(A) $$\overline{B D}$$ ≅ $$\overline{B D}$$
(B) ∆STV ≅ ∆XVW
(C) ∆TVS ≅ ∆VWU
(D) ∆VST ≅ ∆VUW
(C) ∆TVS ≅ ∆VWU by ASA congruence theorem.
∠T ≅ ∠V, TS ≅ VU, ∠S ≅ ∠U
(D) ∆VST ≅ ∆VUW by ASA congruence theorem.
∠T ≅ ∠V, TS ≅ VU, ∠S ≅ ∠U

Question 27.
PROVING A THEOREM
Prove the Converse of the Base Angles Theorem (Theorem 5.7). (Hint: Draw an auxiliary line inside the triangle.)

Question 28.
MAKING AN ARGUMENT
Your friend claims to be able Lo rewrite any proof that uses the AAS Congruence Theorem (Thin. 5. 11) as a proof that uses the ASA Congruence Theorem (Thin. 5.10). Is this possible? Explain our reasoning.
No your friend is not correct. Because the congruent side in AAS is not between the congruent angles and ASA has the congruent side between the two angles.
So they are not interchangeable.

Question 29.
MODELING WITH MATHEMATICS
When a light ray from an object meets a mirror, it is reflected back to your eye. For example, in the diagram, a light ray from point C is reflected at point D and travels back to point A. The law of reflection states that the angle of incidence, ∠CDB. is congruent to the angle of reflection. ∠ADB.

a. Prove that ∆ABD is Congruent to ∆CBD.
Given ∠CBD ≅∠ABD
DB ⊥ AC
Prove ∆ABD ≅ ∆CBD
b. Verify that ∆ACD is isosceles.
c. Does moving away from the mirror have an effect on the amount of his or her reflection a person sees? Explain.

Question 30.
HOW DO YOU SEE IT?
Name as man pairs of congruent triangles as you can from the diagram. Explain how you know that each pair of triangles is congruent.

ΔPTS and ΔQTR
PT = RT
ST = QT
PS = QR
ΔPTS ≅ ΔQTR
ΔPTQ and ΔRTS
RT = PT
PQ = SR
QT = ST
ΔPTQ ≅ ΔRTS

Question 31.
CONSTRUCTION
Construct a triangle. Show that there is no AAA congruence rule by constructing a second triangle that has the same angle measures but is not congruent.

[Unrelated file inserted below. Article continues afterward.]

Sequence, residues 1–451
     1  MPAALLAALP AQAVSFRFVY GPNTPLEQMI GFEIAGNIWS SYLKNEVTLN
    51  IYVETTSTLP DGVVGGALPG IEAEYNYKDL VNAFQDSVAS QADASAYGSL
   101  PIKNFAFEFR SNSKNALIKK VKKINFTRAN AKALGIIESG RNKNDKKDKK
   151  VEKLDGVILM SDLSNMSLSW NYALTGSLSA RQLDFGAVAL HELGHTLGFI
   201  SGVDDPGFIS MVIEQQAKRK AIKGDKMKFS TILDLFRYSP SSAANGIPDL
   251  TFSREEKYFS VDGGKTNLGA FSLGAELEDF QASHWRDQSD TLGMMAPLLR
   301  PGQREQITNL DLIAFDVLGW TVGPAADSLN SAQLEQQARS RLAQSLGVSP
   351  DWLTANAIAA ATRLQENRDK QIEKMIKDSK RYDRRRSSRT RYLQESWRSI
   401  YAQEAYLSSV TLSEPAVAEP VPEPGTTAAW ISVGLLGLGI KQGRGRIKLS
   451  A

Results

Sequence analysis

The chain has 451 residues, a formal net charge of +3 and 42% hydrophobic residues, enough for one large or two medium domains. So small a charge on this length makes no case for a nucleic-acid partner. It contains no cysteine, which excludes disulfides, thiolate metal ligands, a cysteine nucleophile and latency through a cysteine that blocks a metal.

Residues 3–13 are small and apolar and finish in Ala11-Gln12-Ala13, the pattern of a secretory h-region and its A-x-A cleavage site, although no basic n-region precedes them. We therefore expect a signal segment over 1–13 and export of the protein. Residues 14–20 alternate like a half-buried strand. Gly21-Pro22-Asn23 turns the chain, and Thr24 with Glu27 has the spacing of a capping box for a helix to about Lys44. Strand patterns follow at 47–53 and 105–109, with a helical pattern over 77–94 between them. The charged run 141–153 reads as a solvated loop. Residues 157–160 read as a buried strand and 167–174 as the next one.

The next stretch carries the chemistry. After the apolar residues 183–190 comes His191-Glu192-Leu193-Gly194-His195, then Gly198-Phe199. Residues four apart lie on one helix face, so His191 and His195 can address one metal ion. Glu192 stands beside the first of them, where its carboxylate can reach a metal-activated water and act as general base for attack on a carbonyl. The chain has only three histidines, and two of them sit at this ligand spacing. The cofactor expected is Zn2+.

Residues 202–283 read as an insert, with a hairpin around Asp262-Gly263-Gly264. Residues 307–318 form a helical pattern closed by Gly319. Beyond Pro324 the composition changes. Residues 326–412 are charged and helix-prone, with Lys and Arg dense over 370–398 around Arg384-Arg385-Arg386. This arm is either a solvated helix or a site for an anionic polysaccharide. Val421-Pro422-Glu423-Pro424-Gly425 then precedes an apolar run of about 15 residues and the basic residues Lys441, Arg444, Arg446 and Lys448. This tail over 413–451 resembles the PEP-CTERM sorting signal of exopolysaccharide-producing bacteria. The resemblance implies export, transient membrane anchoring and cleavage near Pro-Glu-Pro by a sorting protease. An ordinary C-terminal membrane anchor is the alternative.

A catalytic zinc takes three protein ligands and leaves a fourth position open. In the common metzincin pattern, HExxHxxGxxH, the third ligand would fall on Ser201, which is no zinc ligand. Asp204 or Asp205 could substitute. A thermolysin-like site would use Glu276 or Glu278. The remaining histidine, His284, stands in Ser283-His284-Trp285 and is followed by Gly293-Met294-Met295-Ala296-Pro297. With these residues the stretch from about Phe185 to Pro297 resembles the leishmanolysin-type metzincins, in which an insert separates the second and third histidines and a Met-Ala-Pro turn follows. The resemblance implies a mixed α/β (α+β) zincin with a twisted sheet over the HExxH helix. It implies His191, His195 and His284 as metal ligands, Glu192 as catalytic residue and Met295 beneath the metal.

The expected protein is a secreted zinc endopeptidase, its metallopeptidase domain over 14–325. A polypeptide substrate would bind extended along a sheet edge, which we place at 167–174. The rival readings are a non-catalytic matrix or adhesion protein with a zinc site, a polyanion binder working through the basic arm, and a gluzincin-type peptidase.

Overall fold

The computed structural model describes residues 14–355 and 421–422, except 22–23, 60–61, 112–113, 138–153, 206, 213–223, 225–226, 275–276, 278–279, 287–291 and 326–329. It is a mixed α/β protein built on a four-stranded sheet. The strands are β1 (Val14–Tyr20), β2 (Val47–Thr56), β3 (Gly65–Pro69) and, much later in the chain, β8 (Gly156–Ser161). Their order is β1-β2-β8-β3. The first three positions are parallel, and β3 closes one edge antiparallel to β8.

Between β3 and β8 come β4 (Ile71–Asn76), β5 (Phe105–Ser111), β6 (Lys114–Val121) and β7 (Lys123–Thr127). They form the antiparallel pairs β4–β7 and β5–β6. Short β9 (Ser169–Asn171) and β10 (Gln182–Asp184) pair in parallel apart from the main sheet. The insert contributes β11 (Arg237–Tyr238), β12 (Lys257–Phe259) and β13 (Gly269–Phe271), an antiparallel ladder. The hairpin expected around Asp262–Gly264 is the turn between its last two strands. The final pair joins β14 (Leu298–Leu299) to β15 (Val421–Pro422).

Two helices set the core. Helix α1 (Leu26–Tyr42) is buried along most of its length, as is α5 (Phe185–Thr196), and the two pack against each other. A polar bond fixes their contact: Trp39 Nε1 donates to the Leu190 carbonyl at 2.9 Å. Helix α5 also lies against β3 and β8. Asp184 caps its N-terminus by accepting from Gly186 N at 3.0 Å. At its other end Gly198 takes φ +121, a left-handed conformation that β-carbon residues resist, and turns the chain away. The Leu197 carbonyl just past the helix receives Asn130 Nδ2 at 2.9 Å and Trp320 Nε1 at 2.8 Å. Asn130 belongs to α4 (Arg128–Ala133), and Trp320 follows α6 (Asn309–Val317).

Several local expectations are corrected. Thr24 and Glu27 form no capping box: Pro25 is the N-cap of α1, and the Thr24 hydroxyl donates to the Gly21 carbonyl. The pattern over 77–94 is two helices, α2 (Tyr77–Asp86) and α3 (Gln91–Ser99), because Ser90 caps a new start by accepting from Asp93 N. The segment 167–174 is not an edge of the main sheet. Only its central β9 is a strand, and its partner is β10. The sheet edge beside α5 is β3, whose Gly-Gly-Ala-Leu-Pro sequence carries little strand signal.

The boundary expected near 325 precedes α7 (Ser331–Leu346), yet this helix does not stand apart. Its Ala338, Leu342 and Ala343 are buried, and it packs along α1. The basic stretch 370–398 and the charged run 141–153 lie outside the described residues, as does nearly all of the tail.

Question 32.
THOUGHT PROVOKING
Graph theory is a branch of mathematics that studies vertices and the way they are connected. In graph theory. two polygons are isomorphic if there is a one-to-one mapping from one polygon’s vertices to the other polygon’s vertices that preserves adjacent vertices. In graph theory, are any two triangles isomorphic? Explain your reasoning. second triangle that has the same angle measures but is not congruent.
Yes, any two congruent triangles can show isomorphism because the corresponding vertices can be mapped on to each other to completely overlap each other as required for isomorphism.

Question 33.
Mathematical Connections
Six statements are given about ∆TUV and ∆XYZ

a. List all combinations of three given statements that could provide enough information to prove that ∆TUV is congruent to ∆XYZ.
b. You choose three statements at random. What is the probability that the statements you choose provide enough information to prove that the triangles are congruent?

Maintaining Mathematical proficiency

Find the coordinates of the midpoint of the line segment with the given endpoints.

Question 34.
C(1, 0) and D(5, 4)
Given points C(1, 0) and D(5, 4)
Midpoint = ($$\frac { 1 + 5 }{ 2 }$$, $$\frac { 0 + 4 }{ 2 }$$) = ($$\frac { 6 }{ 2 }$$, $$\frac { 4 }{ 2 }$$) = (3, 3)

Question 35.
J(- 2, 3) and K(4, – 1)

Question 36.
R(- 5, – 7) and S(2, – 4)
Midpoint = ($$\frac { -5 + 2 }{ 2 }$$, $$\frac { -7 – 4 }{ 2 }$$) = ($$\frac { -3 }{ 2 }$$, $$\frac { -11 }{ 2 }$$)

Copy and angle using a compass and straightedge.

Question 37.

Question 38.

Draw a segment. Label a point D on the segment.
Draw an arc with center B, and label the intersection points A and C.
Using the same radius, draw an arc with center D.
Label the point of intersection of the arc with radius BC with center D.
Label the intersection F. Draw DF. So, ∠B ≅ ∠FDE.

### 5.7 Using Congruent Triangles

Exploration 1

Measuring the Width of a River

Work with a partner:
The figure shows how a surveyor can measure the width of a river by making measurements on only one side of the river.

a. Study the figure. Then explain how the surveyor can find the width of the river.

b. Write a proof to verify that the method you described in part (a) is valid.
Given ∠A is a right angle, ∠D is a right angle, $$\overline{A C}$$ ≅ $$\overline{C D}$$

c. Exchange Proofs with your partner and discuss the reasoning used.
CRITIQUING THE REASONING OF OTHERS
To be proficient in math, you need to listen to or read the arguments of others, decide whether they make sense, and ask useful questions to clarify or improve the arguments.

Exploration 2

Measuring the Width of a River

Work with a partner. It was reported that one of Napoleon’s offers estimated the width of a river as follows. The officer stood on the hank of the river and lowered the visor on his cap until the farthest thin visible was the edge of the bank on the other side. He then turned and rioted the point on his side that was in line with the tip of his visor and his eye. The officer then paced the distance to this point and concluded that distance was the width of the river.